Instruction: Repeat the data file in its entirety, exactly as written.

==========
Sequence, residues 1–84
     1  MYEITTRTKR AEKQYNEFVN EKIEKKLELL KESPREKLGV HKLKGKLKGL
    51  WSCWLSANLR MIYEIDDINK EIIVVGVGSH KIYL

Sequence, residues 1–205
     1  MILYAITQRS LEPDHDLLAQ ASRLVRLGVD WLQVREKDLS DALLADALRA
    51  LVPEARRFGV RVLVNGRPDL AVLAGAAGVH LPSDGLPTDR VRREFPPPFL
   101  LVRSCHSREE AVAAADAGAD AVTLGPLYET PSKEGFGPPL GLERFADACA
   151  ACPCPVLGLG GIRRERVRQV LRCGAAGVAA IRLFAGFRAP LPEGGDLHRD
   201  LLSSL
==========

Sequence, residues 1–84
     1  MYEITTRTKR AEKQYNEFVN EKIEKKLELL KESPREKLGV HKLKGKLKGL
    51  WSCWLSANLR MIYEIDDINK EIIVVGVGSH KIYL

Sequence, residues 1–205
     1  MILYAITQRS LEPDHDLLAQ ASRLVRLGVD WLQVREKDLS DALLADALRA
    51  LVPEARRFGV RVLVNGRPDL AVLAGAAGVH LPSDGLPTDR VRREFPPPFL
   101  LVRSCHSREE AVAAADAGAD AVTLGPLYET PSKEGFGPPL GLERFADACA
   151  ACPCPVLGLG GIRRERVRQV LRCGAAGVAA IRLFAGFRAP LPEGGDLHRD
   201  LLSSL